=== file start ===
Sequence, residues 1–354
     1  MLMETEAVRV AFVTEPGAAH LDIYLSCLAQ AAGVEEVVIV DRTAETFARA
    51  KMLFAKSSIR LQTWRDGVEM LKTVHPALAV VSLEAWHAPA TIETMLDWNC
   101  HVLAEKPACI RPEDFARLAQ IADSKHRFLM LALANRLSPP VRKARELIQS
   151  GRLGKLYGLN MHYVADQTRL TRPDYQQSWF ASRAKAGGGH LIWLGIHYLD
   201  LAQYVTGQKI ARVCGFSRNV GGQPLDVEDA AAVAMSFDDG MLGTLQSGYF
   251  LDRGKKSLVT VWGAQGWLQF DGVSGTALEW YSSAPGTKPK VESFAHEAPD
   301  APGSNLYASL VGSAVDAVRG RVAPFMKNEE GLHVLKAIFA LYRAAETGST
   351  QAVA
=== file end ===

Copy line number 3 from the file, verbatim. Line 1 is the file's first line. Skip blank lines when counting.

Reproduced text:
    51  KMLFAKSSIR LQTWRDGVEM LKTVHPALAV VSLEAWHAPA TIETMLDWNC